A: Sometimes you or your users might want to send an email message at a future point in time. There are many reasons that might result in such a need. Maybe a staff email message needs to be sent after everyone has logged off for the day. Perhaps a sender wants to leave the premises before the recipient receives the message, or maybe the sender doesn’t want to respond too quickly to a message, which might suggest a greater level of availability than he or she wants to portray. From a Microsoft Outlook perspective, there are a couple of ways to accomplish this task without programming: delayed delivery and Outlook rules.

Both Outlook 2010 and Outlook 2007 have an option to set a delivery time for an email message. In a new email window, select Options from the Office Ribbon, then Delay Delivery in the More Options section. Figure 1 shows this setting.

Lefkovics WIN1764 135862 Figure1_0

Figure 1: Configuring delayed delivery



There’s no limit to the date you can assign as a value (even a couple of thousand years into the future). You can also choose the time of day that the message is sent. The outgoing message will remain in the Outbox until the delayed delivery time is reached. For Microsoft Exchange Server accounts, the Outbox is actually on the server, whereas Internet accounts host outbound messages on the workstation in the Outlook personal folders file (.pst). A minor annoyance in the Delayed Delivery properties window is that there are no Save or Apply buttons. After you change a setting in the window, you just click Close to apply the setting and close the window.

Outlook also lets you assign a delayed delivery date in the past. The message will send as normal, with Outlook recognizing that the assigned delivery time has already occurred.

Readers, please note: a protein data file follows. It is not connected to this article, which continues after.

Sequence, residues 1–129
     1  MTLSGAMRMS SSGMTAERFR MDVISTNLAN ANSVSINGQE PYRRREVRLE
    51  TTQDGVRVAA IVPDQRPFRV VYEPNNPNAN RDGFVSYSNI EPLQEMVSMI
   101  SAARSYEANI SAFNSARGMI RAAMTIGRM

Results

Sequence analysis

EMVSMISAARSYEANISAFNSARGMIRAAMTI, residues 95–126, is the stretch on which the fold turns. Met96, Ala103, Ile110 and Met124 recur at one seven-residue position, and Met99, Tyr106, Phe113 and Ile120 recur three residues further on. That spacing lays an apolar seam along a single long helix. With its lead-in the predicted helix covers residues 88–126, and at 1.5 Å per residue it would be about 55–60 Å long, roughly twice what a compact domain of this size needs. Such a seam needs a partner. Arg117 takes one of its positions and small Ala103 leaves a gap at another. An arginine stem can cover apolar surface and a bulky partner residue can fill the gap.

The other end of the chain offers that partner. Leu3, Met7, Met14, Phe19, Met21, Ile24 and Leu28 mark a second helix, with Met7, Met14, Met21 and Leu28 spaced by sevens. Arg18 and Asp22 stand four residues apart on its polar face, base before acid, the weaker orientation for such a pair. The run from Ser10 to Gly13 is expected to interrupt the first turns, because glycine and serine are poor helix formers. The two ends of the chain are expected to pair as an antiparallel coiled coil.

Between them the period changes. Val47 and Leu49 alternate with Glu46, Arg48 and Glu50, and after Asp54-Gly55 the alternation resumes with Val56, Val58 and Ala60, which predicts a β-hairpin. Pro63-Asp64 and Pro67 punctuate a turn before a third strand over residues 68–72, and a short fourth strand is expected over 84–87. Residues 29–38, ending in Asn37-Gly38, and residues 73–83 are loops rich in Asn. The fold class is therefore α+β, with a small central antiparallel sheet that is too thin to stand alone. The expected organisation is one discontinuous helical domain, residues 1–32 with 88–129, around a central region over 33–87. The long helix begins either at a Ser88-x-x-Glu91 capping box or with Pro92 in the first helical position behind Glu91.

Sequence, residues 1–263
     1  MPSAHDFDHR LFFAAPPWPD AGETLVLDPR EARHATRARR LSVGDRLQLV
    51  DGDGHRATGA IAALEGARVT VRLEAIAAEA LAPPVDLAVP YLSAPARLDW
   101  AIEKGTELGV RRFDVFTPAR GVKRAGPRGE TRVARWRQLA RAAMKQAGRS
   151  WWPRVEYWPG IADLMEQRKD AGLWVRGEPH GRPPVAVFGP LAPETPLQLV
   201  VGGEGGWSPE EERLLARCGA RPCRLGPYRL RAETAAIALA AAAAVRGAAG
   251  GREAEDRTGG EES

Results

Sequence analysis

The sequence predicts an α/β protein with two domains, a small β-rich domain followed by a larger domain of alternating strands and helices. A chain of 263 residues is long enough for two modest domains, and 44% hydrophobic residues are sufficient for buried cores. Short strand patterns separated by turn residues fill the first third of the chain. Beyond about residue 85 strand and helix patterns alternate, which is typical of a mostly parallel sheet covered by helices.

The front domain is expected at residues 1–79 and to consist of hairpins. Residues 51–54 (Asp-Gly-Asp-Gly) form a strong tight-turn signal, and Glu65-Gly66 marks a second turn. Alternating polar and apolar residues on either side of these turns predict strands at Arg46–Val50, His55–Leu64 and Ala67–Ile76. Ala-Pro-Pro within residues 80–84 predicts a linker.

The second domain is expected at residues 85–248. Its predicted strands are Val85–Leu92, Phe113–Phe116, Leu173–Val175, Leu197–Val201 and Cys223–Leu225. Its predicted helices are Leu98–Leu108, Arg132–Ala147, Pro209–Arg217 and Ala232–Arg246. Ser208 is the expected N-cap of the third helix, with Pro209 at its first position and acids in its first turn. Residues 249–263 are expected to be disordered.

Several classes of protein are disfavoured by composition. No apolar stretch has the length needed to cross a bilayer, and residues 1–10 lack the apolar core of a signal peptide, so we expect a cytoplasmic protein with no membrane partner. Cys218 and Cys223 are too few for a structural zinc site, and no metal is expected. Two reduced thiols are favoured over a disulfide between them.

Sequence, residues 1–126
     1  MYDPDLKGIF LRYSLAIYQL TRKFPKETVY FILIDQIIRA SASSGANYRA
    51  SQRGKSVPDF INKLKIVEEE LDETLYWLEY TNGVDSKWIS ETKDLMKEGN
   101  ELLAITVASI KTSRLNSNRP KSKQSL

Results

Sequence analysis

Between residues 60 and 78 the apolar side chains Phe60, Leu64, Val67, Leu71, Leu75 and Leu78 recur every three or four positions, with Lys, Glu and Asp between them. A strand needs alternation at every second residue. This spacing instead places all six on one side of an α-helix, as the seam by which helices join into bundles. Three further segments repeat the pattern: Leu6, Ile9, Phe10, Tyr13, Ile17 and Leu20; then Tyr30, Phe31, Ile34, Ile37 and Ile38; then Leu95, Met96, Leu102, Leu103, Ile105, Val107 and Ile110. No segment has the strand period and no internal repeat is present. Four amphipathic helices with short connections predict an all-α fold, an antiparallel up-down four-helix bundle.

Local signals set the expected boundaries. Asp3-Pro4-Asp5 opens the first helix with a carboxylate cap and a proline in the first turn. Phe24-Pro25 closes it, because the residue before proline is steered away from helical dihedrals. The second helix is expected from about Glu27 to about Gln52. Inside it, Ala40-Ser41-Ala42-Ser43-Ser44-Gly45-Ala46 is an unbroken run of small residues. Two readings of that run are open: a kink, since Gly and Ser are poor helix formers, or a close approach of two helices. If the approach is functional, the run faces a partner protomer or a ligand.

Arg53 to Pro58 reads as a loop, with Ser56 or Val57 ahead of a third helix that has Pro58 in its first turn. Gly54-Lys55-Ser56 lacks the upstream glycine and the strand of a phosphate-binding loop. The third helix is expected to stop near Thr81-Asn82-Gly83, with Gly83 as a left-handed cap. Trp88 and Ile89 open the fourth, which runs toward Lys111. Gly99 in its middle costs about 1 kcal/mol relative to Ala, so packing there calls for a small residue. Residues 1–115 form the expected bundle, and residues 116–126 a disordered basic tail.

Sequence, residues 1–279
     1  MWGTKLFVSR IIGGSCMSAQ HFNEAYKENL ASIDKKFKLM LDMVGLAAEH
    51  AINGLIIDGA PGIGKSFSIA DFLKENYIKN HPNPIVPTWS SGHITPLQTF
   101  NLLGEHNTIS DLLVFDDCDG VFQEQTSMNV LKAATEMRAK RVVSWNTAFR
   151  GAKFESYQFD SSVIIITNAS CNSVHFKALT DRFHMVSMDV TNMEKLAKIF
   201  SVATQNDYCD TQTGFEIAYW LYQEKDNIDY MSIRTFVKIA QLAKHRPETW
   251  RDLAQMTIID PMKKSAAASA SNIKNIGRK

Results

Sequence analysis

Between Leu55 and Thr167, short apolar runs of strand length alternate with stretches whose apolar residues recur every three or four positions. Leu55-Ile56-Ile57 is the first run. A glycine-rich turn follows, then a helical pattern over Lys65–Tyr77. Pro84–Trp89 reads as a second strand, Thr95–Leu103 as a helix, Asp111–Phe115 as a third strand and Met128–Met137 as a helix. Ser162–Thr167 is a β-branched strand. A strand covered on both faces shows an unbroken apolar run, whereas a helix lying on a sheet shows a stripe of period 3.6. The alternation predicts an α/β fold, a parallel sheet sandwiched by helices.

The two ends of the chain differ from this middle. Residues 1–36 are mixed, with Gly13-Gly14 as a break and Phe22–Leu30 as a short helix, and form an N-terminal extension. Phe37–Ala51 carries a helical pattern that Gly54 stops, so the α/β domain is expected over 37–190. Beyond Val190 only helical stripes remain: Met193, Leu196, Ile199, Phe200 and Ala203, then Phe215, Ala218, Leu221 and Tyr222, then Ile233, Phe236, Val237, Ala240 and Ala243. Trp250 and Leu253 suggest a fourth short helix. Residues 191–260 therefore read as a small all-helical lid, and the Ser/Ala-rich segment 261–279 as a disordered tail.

Outlook’s rules let you configure a delay between when a message is sent and when delivery (from Outlook to the email server) is attempted. In the Rules Wizard, select the Apply rule on messages I send option, as Figure 2 shows.

135862 Figure 2

Figure 2: Configuring a delayed send



After you select the features of the message to apply the delayed delivery to, click Next. As Figure 3 shows, you can defer delivery by a specified number of minutes.

135862 Figure 3

Figure 3: Specifying number of minutes to defer delivery



This feature allows messages that fit the rule to be delayed for a maximum of 120 minutes. If you want a longer delay, you can use the previous method.

The Outlook rule method limits the amount of time you can delay a message; however, you can filter which messages get delayed by applying the filters available in the Rules Wizard. You don’t have to manually set delayed delivery for each message that applies as long as the rule is enabled. The delayed delivery dialog box lets you set delayed delivery times well into the future, but you must configure the option for each message you want to delay.

If the functionality offered by these two options isn’t sufficient, you could also develop an add-on to perform the task of delaying when a sent email message is delivered. Baydin Software provides a third-party add-on called Boomerang (http://www.baydin.com/boomerang), dubbed a “snooze button for email,” that works with Outlook 2010, Outlook 2007, and Outlook 2003.